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Not Tonight Honey, I Have a … Poor Excuse


The Top 5 Relationship Excuses

When we look around, we’re noticing something odd. People aren’t happy.

Not everyone, at least. A recent study by the Society for Human Resource Management made it clear that Americans are having problems balancing their home life and their work life. In our profession, we refer to that experience as the “work/life balance” — and according to the statistics, it’s looking like an uneven teeter-totter. The study revealed:

◦Among the 89 percent of Americans who say work/life balance is a problem, 54 percent called it a “significant” problem.

◦57 percent of workers think that their employer is doing enough to address work/life balance issues; 43 percent
do not.

◦51 percent of workers say their work/life balance has not changed because of the recession.

◦38 percent of workers say their work/life balance has worsened because of the recession.

◦37 percent of those who do not have adequate balance say time with family is the first thing that suffers;
personal time spent reading or relaxing followed, at 22 percent.

•44 percent of men ages 34-54 say they do not have adequate work/life balance.

So, if you’re wondering why you’re feeling stressed out, you’re not alone. But there is a way to combat it, if you’re willing to try. From our experience with our clients, here is a list of the top relationship excuses, with some ways to eliminate them from your life:

  • We don’t have enough time — We hear this far too often. We act and behave based on our values, thus what they are really saying is, “We are choosing to make other things (kids, work, etc.) a priority, and not our relationship with our partner.” We recommend sitting down together with a piece of paper and a pen and taking a look at your monthly schedule. That means all the soccer practices, poker nights, work trips — everything. I think most people will find when they do this that there are items here and there that can be eliminated in favor of some time together.


  • We are too tired — This is definitely related with the above excuse, but a little more complex. Today, people are so busy with everything else, they are not slowing down long enough to recharge their own batteries, so to speak. As you look at your schedule, don’t look just at how many things you have to do, but how draining of your energy some of them can be. More than that, if you find a way to ensure you’re both getting between 7 and 8 hours of sleep every night, you’ll be able to better handle everything you have on the plate.


  • You shouldn’t have to work on relationships — Whoever said that originally needs to be hit in the head with a rolled up Sunday New York Times. Are we the only ones who find it ironic that in ever Jennifer Aniston romantic comedy, she always figures it out in the end, but in real life, her average relationship lasts less than the movie’s running time? Life is not like the movies, folks, and relationships do take effort to achieve a balance. Maybe “work” is a term that doesn’t sit well with people, but you can call it what you want. If you want any partnership in life to work, you get out of it only what you put into it. And it doesn’t take much. A little thoughtfulness and extra effort can go a long way with someone who already loves you.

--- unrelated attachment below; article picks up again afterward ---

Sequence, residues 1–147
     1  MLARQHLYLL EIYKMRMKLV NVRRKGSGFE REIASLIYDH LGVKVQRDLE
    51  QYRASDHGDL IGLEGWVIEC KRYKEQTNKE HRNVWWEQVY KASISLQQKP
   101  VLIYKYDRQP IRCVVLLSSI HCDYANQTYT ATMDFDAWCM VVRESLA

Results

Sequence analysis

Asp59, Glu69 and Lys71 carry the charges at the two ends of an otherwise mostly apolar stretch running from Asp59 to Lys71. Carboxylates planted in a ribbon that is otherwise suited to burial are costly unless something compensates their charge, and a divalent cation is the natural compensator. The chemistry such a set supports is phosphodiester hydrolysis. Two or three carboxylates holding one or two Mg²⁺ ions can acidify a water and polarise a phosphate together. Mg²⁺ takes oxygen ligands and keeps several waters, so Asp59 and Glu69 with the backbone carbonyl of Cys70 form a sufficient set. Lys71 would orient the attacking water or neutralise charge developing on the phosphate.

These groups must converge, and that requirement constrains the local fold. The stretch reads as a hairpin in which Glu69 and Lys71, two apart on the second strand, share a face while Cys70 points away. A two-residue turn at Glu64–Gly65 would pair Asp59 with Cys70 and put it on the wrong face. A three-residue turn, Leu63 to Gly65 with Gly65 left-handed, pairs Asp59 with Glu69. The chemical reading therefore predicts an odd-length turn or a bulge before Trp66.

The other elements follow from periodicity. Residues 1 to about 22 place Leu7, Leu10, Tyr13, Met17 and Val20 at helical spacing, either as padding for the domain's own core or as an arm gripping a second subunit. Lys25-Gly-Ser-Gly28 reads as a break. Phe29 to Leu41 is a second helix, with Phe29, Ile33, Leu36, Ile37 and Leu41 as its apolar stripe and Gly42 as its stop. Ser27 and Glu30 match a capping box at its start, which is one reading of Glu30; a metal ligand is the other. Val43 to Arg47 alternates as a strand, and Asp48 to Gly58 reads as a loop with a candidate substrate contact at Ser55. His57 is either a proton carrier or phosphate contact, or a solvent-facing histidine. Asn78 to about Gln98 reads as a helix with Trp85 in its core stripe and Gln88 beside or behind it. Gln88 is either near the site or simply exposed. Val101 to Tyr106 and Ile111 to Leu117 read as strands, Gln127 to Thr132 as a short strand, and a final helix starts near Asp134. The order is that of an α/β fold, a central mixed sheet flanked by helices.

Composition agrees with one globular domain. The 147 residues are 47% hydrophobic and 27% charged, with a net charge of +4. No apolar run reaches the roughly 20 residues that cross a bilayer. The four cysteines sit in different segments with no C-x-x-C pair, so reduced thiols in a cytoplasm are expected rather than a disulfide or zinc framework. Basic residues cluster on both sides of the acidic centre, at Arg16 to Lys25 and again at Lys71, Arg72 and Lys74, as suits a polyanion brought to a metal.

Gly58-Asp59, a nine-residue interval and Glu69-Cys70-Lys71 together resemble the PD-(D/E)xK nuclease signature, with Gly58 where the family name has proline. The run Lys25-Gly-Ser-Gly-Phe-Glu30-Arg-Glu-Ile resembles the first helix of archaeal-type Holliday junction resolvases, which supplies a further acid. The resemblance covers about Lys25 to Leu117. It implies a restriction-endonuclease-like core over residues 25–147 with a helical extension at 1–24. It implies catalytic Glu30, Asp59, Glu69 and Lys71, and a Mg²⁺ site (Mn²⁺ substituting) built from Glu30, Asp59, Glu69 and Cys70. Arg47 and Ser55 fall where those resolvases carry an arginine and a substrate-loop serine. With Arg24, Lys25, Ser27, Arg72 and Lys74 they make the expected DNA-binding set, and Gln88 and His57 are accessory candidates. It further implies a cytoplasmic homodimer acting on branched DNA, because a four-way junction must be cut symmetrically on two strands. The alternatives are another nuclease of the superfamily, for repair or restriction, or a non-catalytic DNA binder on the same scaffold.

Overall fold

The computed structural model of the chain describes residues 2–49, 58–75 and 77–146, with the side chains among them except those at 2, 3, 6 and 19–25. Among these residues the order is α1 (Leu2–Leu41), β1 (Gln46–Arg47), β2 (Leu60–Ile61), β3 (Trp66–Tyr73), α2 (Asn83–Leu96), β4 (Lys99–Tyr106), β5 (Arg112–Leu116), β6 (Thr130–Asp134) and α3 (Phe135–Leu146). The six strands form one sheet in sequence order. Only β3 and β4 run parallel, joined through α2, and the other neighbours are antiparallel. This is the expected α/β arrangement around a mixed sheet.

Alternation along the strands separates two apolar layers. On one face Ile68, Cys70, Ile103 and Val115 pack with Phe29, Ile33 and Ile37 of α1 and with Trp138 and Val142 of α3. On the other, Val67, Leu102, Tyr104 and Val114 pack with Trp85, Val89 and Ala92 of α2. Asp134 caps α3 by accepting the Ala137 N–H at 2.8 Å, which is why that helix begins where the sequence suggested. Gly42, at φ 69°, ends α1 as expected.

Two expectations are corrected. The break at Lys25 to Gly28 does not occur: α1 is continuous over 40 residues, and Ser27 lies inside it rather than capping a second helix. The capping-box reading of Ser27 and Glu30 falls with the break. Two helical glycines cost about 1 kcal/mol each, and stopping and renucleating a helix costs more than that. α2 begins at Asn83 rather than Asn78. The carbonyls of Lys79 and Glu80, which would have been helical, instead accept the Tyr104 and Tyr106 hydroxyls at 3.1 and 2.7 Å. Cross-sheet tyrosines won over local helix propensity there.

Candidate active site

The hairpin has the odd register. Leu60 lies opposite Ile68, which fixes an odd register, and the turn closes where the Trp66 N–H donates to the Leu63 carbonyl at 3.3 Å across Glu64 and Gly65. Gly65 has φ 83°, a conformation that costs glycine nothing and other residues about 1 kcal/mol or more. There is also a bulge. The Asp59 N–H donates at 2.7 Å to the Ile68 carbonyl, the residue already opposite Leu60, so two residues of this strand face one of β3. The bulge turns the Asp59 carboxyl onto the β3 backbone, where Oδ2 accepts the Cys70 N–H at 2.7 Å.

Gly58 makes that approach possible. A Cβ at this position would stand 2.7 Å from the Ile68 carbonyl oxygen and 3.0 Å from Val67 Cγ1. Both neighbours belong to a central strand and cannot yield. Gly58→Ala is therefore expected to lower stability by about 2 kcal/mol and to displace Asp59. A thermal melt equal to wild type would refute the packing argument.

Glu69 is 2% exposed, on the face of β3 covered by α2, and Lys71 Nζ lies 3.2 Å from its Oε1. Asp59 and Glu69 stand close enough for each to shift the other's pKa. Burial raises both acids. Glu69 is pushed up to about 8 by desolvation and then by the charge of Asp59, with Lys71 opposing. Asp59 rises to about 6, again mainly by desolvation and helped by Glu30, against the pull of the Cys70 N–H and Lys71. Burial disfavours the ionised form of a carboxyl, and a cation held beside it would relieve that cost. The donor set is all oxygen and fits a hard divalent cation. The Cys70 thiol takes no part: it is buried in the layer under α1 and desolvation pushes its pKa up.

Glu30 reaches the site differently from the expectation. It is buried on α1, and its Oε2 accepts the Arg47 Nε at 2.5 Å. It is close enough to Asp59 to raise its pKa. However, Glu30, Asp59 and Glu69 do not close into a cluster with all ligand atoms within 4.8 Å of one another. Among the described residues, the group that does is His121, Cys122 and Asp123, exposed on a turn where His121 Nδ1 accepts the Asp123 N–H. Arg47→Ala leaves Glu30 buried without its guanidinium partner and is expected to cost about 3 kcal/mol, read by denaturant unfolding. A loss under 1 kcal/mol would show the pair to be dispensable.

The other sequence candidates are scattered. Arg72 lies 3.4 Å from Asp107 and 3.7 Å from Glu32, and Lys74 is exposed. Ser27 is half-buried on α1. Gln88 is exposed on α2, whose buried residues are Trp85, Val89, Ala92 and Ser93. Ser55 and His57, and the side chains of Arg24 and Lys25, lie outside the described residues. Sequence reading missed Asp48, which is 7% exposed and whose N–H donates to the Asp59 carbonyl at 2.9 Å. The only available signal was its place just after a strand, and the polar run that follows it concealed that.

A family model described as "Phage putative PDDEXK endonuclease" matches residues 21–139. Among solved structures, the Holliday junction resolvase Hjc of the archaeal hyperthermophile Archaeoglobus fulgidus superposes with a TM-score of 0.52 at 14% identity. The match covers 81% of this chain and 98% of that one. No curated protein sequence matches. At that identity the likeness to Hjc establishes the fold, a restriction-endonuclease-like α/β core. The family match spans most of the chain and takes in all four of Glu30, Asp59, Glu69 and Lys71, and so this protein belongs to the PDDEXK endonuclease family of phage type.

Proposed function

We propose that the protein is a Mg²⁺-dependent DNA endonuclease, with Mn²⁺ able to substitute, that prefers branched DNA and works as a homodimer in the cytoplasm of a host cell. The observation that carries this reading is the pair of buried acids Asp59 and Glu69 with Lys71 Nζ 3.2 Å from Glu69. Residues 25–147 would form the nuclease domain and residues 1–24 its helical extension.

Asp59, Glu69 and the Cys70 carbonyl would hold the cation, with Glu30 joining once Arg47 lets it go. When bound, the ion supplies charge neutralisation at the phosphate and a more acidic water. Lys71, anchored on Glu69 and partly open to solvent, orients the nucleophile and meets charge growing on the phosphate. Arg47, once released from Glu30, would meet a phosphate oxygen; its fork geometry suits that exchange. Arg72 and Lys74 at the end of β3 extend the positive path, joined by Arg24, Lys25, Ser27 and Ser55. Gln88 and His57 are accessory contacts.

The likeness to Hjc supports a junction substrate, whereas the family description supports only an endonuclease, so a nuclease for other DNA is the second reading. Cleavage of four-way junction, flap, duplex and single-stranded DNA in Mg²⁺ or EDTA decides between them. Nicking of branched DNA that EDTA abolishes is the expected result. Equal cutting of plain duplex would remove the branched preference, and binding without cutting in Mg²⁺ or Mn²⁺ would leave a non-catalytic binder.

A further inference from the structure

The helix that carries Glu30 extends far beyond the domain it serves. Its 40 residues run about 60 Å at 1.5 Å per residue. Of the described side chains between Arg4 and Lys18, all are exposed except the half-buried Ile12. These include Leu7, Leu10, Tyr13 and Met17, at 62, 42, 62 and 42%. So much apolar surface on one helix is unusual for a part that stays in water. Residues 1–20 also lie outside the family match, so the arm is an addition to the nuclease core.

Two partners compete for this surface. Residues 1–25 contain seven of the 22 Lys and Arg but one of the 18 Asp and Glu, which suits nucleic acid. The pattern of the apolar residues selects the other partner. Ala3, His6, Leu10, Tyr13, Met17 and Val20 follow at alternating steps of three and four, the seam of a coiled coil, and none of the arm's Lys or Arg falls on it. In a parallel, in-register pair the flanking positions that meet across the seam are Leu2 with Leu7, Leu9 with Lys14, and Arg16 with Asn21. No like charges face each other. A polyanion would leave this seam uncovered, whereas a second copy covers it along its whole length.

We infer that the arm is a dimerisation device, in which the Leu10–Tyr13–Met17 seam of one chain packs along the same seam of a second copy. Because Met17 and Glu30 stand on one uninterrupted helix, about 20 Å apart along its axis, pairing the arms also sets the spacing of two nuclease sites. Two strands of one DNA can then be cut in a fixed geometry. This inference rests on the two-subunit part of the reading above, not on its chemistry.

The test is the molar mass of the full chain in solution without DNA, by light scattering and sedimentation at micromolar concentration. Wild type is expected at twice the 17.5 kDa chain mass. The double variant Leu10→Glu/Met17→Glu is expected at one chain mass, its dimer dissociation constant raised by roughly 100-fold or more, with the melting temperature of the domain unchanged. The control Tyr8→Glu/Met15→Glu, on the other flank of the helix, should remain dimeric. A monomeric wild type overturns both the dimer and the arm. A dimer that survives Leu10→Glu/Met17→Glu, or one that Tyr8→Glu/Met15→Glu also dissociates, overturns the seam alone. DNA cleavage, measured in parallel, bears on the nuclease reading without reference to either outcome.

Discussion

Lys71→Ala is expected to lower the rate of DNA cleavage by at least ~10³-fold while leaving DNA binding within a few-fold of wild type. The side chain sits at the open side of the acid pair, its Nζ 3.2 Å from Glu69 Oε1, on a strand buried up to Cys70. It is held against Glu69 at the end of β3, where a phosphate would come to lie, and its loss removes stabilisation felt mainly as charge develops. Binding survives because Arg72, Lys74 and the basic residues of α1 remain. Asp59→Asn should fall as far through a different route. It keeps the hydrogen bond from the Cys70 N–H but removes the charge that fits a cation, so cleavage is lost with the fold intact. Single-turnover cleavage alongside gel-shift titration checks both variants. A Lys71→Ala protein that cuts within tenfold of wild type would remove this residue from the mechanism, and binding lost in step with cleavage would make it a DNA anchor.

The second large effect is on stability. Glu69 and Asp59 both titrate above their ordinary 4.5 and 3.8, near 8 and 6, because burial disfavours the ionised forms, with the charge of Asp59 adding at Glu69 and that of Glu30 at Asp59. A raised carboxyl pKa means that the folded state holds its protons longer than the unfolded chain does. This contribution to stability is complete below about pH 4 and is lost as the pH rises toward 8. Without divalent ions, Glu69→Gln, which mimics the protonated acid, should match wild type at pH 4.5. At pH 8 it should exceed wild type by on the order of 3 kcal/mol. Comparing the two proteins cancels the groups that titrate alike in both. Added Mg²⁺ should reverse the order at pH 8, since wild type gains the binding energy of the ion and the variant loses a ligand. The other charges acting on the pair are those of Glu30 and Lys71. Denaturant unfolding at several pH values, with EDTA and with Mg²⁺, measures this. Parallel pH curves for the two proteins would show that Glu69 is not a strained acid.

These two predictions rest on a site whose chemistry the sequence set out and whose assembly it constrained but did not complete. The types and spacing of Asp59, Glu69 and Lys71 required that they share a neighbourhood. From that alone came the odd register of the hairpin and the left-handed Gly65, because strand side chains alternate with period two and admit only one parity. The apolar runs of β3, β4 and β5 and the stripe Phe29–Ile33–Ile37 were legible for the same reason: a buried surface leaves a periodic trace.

• Why bother, he/she won’t change — This excuse is putting all the power and responsibility on the other partner to change, which by logic, means that you’re relinquishing your own responsibility. Sometimes in a relationship, someone has to put on the grown-up shoes make the first move. It’s like being the first to start dancing at a wedding reception. Unless you dance like Elaine from Seinfeld, others will eventually join in. If you make a few healthy relationship changes, it can help motivate your partner to do the same.


  • We don’t have the money — Well, you got us there. If you want to have a stable relationship, you really do need to finance it. In fact, we think banks should offer “relationship loans,” so people can actually afford to fall in love and be together. Sound silly? Well, that’s because it is. The public park costs nothing, so take a short ride or a walk with some sandwiches you can make with the food already in your fridge. Ride a bike, talk a walk, or just sit out on the porch and laugh at the people who are out jogging. They’re listening to their iPods. They won’t hear you. John and Paul were right when they wrote Money Can’t Buy Me Love, nor do you need it to maintain love. All you need is the time together, no matter what you are doing, to nurture your relationship back to a healthy balance with all the rest of the have-tos you have in your life.

What excuses are currently holding you back from having the kind of relationship you want to have? If you need help challenging these excuses, please feel free to contact us.

As always, wishing you deeper connection and passion!

Drs. Chuck and Jo-Ann Bird

This article was originally published at . Reprinted with permission from the author.


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